History of the O’Neill Coldwater Classic

jared

From Surfer Magazine

On October 16th, throngs of spectators and world-class surfers will travel to Santa Cruz, California, for the O’Neill Coldwater Classic, recognized as the longest-running surf event in Northern California. The first CWC took place at The Lane in 1985, and registered as a top-tier event on the Association of Surfing Professionals World Tour three years later in 1988, where it remained until 1990. The Classic dropped to a second-tier event on the World Qualifying Series for 21 subsequent years, among other professional circuits, before its accreditation back to the World Tour in 2012, where 32 of the world’s best surfers competed for a $425,000 purse prize. The event’s format has changed again in the two years since, as many now-unsponsored surfers travel to Steamer Lane for a winner-take all competition. This year, the event has returned to the Qualifying Series, and 96 surfers—some fighting for a spot on the 2016 World Tour—will vie for $50,000 and 1,500 points.

CWC2014-Nate-Yeomans

Steamer Lane first garnered popularity as a surf destination during the 1940s after World War II. In 1967, the first shortboard-era pro contest, The Santa Cruz Pro-Am, was held at The Lane, which awarded a $300 prize to event winner Corky Carroll. Surfers like Peter Cole, Fred Van Dyke, and Karl Vesper trekked to the break regularly, paving the way for local talents like Richard Schmidt, Darryl “Flea” Virostko, and, most recently, World Tour competitor Nat Young.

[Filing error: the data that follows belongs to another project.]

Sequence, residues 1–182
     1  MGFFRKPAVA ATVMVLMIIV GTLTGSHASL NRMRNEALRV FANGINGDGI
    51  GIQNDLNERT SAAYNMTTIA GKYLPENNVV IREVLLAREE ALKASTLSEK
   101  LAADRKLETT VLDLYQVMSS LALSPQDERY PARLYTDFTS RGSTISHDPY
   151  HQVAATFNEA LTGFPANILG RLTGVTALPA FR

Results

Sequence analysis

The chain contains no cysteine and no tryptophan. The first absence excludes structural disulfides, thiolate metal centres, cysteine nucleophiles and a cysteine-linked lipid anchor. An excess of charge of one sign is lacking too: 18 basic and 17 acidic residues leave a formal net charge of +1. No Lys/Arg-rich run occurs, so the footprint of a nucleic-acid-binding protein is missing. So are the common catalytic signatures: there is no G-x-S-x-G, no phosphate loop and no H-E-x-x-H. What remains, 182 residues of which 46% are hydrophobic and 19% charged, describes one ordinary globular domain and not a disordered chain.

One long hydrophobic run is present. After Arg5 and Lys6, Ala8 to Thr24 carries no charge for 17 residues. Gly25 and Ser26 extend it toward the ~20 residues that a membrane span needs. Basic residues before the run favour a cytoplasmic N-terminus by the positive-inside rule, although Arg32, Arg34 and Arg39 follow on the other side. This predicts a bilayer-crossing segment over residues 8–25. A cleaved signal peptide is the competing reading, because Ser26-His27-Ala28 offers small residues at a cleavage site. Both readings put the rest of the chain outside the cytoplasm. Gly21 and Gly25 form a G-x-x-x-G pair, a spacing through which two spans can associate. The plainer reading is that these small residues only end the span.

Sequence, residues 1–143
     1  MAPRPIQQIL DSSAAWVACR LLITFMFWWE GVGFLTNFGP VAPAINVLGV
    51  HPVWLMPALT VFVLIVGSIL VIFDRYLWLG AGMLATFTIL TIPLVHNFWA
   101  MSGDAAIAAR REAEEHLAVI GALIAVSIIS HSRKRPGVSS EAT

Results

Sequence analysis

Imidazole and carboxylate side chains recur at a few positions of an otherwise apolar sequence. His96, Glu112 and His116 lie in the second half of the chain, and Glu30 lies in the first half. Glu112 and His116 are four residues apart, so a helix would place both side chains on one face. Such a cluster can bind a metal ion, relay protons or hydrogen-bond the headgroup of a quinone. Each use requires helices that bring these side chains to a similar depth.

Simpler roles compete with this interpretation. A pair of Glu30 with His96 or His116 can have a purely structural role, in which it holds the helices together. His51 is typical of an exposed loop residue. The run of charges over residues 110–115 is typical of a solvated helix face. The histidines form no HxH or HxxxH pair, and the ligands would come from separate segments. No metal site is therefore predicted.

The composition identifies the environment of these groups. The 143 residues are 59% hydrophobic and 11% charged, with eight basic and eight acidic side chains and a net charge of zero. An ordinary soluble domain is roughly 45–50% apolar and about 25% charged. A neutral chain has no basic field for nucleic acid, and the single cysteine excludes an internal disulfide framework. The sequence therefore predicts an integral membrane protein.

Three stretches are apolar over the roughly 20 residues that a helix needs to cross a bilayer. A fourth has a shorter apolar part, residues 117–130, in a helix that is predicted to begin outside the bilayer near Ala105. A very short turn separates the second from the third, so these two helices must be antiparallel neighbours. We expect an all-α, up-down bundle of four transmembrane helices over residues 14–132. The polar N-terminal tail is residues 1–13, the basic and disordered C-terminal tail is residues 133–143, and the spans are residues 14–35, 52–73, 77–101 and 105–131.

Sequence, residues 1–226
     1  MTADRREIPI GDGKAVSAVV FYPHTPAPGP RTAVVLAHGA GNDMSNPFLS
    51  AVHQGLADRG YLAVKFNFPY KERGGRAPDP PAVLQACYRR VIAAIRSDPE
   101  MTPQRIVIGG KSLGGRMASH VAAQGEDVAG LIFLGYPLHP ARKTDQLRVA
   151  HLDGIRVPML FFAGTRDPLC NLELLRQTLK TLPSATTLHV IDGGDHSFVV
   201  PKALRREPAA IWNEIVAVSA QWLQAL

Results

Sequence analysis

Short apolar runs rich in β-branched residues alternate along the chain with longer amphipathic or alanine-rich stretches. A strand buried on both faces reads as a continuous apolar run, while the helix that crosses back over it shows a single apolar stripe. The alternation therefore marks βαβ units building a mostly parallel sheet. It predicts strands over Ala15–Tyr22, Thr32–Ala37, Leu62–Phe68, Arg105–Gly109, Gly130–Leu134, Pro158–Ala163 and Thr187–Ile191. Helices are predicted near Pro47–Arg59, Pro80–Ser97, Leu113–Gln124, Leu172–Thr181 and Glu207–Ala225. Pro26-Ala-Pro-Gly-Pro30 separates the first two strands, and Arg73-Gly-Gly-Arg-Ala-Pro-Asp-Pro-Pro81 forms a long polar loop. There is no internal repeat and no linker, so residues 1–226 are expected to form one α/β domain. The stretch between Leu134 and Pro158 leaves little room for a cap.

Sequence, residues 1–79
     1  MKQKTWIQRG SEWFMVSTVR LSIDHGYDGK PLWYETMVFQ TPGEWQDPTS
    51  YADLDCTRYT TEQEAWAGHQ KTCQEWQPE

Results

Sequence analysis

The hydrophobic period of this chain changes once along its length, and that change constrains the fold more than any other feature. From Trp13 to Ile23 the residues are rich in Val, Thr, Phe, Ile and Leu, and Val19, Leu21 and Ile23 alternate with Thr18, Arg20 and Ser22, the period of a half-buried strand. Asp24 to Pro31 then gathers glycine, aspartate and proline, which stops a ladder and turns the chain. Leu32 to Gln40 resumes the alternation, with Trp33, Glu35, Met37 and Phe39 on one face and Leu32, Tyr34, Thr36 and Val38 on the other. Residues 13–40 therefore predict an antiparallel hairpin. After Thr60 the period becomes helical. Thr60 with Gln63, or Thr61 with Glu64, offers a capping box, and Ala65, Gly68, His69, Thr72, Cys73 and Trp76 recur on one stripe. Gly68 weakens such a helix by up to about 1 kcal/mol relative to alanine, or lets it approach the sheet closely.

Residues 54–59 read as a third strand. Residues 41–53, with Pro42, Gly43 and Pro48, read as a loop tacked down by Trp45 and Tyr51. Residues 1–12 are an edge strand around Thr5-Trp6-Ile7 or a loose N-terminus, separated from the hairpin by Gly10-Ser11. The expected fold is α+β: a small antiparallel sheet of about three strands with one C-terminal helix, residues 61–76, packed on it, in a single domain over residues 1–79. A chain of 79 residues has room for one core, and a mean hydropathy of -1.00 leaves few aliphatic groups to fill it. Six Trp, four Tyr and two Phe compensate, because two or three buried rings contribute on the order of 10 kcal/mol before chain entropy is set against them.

Many winners of the Coldwater Classic have staked their place on World Tour. Jordy Smith (2007), Matt Wilkinson (2010), and Miguel Pupo (2011) each answered their victories in Santa Cruz with stellar runs on the professional circuit. Perhaps more than any other year, Tom Curren’s victory in 1990 brought widespread attention to the event, when his combination of technical footwork and smooth carving in clean wave conditions won against Australian Gary Elkerton in the final.

Steamer Lane often favors local surfers who know how to make the most of any conditions at the break, and a number of Santa Cruz surfers have won the event. Anthony Ruffo won the CWC (’85), Peter Mel (’97), Chris Gallagher(’98 & ’99), Adam Replogle (’02), Kieran Horn (’03), and Nat Young (’08)—the youngest to ever win the CWC at just 17 years old—all hail from the region, and each took home the championship title.

Although The Lane is known as a swell magnet, breaking anywhere from two feet to well overhead, little-to-no surf caused the event’s cancellation in 2004. In 2011, Coldwater Classic organizers moved the heats to Waddell Creek, a beachbreak approximately 20 miles away that runs through Big Basin Redwoods State Park. This year’s competition, originally scheduled to run on October 14th, will now begin on Friday, October 16th, in light of forecasts of mixed SW to NW swells, which should give the talented field of competitors ample opportunity to post high scores and vie for their spot on the storied podium.

List of CWC Champions:
2014- Nathan Yeomans- O’Neill CWC- Invitational
2013- Torrey Meister-O’Neill CWC- Invitational
2012- Taj Burrow – Championship Tour
2011- Miguel Pupo – Qualifying series- Prime
2010- Matt Wilkinson – O’Niell CWC
2009-Nathan Yeomans – O’Neill CWC
2008-Nat Young- O’Neill CWC
2007-Jordy Smith- O’Neill CWC
2006- Toby Martin- O’Neill CWC
2005- Bobby Martinez- O’Neill CWC
2003- Kieran Horn – O’Neill CWC
2002-Adam Replogle – O’Neill CWC
2001- Roy Powers – O’Neill CWC
2000 -Joel Parkinson – O’Neill CWC
1999- Chris Gallagher- O’Neill CWC
1998- (Billabong) Chris Gallagher – O’Neill CWC
1997- (Billabong) Peter Mel- Billabong
1993- (Billabong) Taylor Knox- Billabong
1992- (Bud Surf Tour) Todd Miller – Bud Surf Tour
1990- Tom Curran – O’Neill Pepsi CWC
1989- Martin Potter – O’Neill Pepsi CWC
1987- Ritchie Collins – O’Neill Coors CWC
1985/ 86- Anthony Ruffo – PSAA

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